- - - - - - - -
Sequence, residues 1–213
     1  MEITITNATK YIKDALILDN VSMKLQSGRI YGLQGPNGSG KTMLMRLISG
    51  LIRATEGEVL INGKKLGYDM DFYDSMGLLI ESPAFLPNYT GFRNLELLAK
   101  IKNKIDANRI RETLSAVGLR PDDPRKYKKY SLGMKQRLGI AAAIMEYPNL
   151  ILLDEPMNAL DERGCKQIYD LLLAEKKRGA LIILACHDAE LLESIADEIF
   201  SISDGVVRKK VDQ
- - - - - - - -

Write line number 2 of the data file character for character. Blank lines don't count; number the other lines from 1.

     1  MEITITNATK YIKDALILDN VSMKLQSGRI YGLQGPNGSG KTMLMRLISG